In 2013, Julian H. Good Jr., CLU, ChFC, made a major change: He transitioned from a career producer with a major company to an independent advisor. He continued to offer comprehensive financial services, but he also added fee-based life insurance consulting, where he would review high-value policies and advise on any changes needed.
“So many people don’t know or understand what they have, especially with group benefits,” said Good, a 35-year member from Metairie, Louisiana, who served as MDRT President in 2011. And, as agents and brokers leave the business, the companies often are not monitoring life insurance policies.
Life insurance consulting is something no one else in his community provides, which separates Good from other advisors in the area. “They’re able to have their policies evaluated and monitored by a professional,” he said. “No one else is going to bring that to the table.”
It’s also a niche area where strategic partnerships come into play, as accountants and other professionals refer their clients to Good. “So many don’t understand basic life insurance contracts,” he said. “I’ve spent my entire career being good at something and I get paid for my expertise.”
Good took the time to answer some questions about how to manage a life insurance consulting proposition.
Q: How do you charge for this service?
A: I charge an hourly fee for my time. I don’t charge for my staff’s time. I let the client know upfront how much I charge per hour. However, I don’t ask for a portion of the fee before I begin, since I never know how much time I’m going to spend.
Q: What are you looking for in the policy consultation?
A: I review the policy, all annual summaries, illustrations, brochures, anything the client can find. I ask them what was happening when they bought it and why they purchased it. I want to determine suitability, affordability and if it’s the right product. I’m looking at if they can afford to pay future premiums; they may have to do a reduced paid up. Will this drain too much of their assets in the future? This is simple stuff, but no one else knows about it.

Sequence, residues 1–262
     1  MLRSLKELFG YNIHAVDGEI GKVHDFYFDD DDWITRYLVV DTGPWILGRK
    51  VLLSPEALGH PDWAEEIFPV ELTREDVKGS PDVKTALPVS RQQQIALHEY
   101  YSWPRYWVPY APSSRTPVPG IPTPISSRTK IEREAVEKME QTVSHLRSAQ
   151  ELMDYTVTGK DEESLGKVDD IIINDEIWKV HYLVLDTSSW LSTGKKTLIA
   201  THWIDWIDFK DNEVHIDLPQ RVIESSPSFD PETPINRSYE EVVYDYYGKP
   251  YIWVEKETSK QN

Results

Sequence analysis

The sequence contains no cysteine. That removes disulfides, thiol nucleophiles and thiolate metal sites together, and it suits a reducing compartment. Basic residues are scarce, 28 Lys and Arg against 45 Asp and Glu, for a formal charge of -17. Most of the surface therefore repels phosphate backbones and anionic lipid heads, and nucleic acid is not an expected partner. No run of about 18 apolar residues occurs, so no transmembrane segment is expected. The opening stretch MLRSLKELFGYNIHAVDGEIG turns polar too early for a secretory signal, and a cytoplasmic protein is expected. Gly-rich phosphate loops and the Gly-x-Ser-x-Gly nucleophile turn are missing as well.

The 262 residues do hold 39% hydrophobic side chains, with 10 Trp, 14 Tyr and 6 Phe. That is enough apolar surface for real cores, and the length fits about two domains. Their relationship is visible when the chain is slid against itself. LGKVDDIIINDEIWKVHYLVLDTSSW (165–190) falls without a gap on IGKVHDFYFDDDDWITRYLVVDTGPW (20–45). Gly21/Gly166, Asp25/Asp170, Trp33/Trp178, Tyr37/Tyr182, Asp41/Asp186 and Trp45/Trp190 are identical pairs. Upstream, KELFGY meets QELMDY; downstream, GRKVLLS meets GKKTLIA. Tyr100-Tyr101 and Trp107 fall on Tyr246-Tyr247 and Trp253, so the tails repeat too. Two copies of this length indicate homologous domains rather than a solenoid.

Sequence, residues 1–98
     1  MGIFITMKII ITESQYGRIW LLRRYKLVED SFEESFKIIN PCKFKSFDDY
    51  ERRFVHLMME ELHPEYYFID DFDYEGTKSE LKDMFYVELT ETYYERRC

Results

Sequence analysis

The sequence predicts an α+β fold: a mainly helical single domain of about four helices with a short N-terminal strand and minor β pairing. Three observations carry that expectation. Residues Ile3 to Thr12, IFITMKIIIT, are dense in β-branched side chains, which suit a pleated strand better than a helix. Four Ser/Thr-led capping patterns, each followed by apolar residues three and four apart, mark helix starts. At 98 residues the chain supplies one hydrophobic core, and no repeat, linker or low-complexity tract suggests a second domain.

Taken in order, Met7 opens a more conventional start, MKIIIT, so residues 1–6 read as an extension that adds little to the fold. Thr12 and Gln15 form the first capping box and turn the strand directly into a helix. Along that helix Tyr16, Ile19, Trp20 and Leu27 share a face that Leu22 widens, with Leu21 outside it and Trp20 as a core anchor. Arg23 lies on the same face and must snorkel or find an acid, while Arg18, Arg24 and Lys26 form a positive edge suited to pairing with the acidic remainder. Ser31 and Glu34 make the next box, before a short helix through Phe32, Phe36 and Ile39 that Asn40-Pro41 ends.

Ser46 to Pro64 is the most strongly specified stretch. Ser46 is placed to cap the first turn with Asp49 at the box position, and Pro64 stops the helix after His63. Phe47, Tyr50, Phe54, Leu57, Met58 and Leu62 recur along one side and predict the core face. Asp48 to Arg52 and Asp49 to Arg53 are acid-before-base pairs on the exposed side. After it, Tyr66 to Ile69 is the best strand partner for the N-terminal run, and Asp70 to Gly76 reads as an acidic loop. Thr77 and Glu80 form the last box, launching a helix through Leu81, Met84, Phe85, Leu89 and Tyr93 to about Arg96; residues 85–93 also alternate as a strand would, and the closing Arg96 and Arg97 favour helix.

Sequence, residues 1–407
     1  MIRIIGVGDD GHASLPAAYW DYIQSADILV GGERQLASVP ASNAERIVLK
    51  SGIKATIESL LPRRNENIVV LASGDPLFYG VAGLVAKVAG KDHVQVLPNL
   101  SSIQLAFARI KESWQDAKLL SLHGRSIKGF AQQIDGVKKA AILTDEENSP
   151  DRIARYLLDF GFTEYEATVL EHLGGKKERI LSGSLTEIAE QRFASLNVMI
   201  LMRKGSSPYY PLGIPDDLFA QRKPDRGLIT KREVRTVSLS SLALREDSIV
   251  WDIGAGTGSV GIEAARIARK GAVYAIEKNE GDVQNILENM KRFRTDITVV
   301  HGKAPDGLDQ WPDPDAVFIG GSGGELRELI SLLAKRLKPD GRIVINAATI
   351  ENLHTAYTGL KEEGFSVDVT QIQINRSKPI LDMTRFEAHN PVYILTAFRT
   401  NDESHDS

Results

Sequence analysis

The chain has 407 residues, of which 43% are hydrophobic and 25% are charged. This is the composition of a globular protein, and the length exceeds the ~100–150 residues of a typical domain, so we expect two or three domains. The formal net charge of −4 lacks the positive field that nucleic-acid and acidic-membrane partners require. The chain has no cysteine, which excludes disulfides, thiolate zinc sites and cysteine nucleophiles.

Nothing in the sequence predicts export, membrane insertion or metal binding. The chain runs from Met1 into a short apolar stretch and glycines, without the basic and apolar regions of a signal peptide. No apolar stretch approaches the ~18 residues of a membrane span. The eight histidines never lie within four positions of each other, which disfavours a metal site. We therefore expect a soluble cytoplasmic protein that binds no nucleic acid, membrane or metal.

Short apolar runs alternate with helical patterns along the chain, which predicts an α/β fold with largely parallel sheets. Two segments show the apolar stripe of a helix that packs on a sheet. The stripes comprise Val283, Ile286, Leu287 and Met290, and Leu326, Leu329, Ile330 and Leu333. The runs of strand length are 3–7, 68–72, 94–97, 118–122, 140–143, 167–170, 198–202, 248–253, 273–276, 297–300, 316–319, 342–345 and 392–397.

Q: How many hours does it take per policy?
A: It depends on how long it takes to get information. I have to order in-force illustrations and gather other information. A simple policy might take two to four hours. Multiple policies average eight to 10 hours. Make sure you never guarantee how long it will take upfront, since these are big policies and can take more time.
“They’re able to have their policies evaluated and monitored by a professional. No one else is going to bring that to the table.”
Q: Is it a consulting agreement? A contract?
A: It’s an open-ended agreement that can be ended by the client or me at any time. Inevitably, about 90 percent of the people I work with do become clients and are fully serviced.
Q: What if there are problems with the policies?
A: They’re asking me for my opinion. I have an ethical and fiduciary responsibility to tell them the truth, based on my experience. The recommendations report and analysis is written so the client understands what they’re reading, and it’s not proprietary, so they can share it with their advisor, friend or family member to read. I include a disclosure that my findings, opinions and recommendations are based on my unique experience and consultations with others.
Q: Do you ever consult with the originating agent?
A: Sometimes. I’m in a small community, so if there’s an issue, we try to work on it together. If possible, I don’t want to see anybody incur fines. But a lot of these policies were sold by wirehouse brokers. If you come across this type of policy, look at it — there are probably problems.
Q: How do you present your recommendations?
A: I schedule a presentation in my office. The client is welcome to bring anyone to the appointment — their attorney, CPA or family member. I tell the client it’s the initial presentation, in case there’s more work to be done. Some projects last one month, some for years. After my recommendations, I tell them the implementation and action steps. It’s only after this first meeting that I prepare my bill.